"Apathy can be overcome by enthusiasm, and enthusiasm can be aroused by two things: first, an idea which takes the imagination by storm; and second, a definite, intelligible plan for carrying that idea into action." -- Arnold Toynbee

"Enthusiasm is the best protection in any situation. Wholeheartedness is contagious. Give yourself, if you wish to get others." -- David Seabury

"You will do foolish things, but do them with enthusiasm." -- Sidonie Gabrielle Colette

Tuesday, August 21, 2007

Imperial America

Over at Salon, Glenn Greenwald has a couple of excellent posts up (here and here) on the way the foreign policy establishment in America today is dominated by those who advocate American empire building and who think of war as a legitimate tool to be used not simply to respond to an attack but to be used whenever it suits our interests. We are the only country in the world today who can, and therefore who does, do this. A couple of good quotes:
...Put simply, there is no reasonable way to compare the use of military force by the U.S. to any other country on the planet. We spend more on our military than every other country combined. We spend six times more on our military than China, the next largest military spender. And it is a bipartisan consensus that, even as the sole remaining superpower, we should increase both military spending and the size of our military further still.

No country can even remotely compare to us in terms of the sheer magnitude of invasions, bombing campaigns, regime changes, occupations and other forms of direct interference via military force in sovereign countries. We have military bases in well over 100 nations. In the last 10 years alone, we bombed Iraq, Afghanistan, Yugoslavia, Sudan, Afghanistan again, Somalia, and Iraq again. Even after the end of the Cold War, we changed the governments of multiple countries from Panama to Iraq, and we've attempted (or are attempting) to do so in Iran and Venezuela. We single-handedly prop up tyrannical governments in scores of nations using financial and military aid. No other country can hold a candle to the breadth and frequency of our involvement in the affairs of other countries. That is just fact.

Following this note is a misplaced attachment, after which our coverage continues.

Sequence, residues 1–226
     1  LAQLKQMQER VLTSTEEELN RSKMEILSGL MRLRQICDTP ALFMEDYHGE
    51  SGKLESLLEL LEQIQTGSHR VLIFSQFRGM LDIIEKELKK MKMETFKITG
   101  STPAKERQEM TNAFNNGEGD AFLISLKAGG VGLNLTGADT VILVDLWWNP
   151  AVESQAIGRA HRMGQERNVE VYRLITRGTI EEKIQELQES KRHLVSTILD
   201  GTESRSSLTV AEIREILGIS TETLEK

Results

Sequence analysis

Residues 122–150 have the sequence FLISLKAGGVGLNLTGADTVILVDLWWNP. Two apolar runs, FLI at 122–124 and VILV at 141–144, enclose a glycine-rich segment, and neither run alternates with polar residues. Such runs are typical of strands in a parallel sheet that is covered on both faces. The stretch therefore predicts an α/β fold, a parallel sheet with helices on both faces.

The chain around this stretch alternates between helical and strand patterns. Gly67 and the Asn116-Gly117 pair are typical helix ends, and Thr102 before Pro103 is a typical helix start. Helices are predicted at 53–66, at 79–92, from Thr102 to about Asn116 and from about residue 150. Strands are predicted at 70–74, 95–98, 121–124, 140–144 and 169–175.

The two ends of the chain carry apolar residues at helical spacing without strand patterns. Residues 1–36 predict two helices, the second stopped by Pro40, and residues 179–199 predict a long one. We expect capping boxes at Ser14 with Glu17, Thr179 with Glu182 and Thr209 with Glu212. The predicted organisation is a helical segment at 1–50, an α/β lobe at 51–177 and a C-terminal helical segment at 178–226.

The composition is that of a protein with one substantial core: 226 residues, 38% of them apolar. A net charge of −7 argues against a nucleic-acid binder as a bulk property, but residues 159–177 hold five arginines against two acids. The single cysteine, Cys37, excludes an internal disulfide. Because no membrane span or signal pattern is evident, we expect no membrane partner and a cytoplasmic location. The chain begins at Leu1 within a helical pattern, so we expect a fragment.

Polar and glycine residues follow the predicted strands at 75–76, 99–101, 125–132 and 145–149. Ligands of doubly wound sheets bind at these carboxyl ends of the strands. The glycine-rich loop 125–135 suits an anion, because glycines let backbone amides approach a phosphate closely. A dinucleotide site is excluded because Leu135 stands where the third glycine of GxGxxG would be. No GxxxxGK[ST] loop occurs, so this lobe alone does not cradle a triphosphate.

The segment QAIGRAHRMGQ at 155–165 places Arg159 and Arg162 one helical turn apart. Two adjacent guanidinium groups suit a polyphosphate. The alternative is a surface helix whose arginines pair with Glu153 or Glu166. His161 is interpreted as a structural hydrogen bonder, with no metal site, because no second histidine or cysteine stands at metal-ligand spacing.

Obviously, that we intervene, bomb and invade far more than any other country is not, standing alone, proof that our various military campaigns are unjust. But it is rather compelling evidence that we have a far lower hair-trigger for when we use military force than any other country in the world, and we use our military force in far more places and with a far wider range of motives and reasons than any other country...

Whatever else is true, the U.S. -- over the last six years -- commenced and continues to wage the most disastrous (and possibly most unjust) war in its history and has adopted policies that have fundamentally eroded our national character and violated everything we claimed to have stood for. As a matter of undeniable, empirical fact, our standing in the world has completely collapsed. Our vaunted Foreign Policy establishment has voiced little resistance to any of this and offered much support, indispensable support, and continues to do so. It has learned nothing. Its orthodoxies are the same, its leaders unchanged, and virtually nothing has been re-evaluated...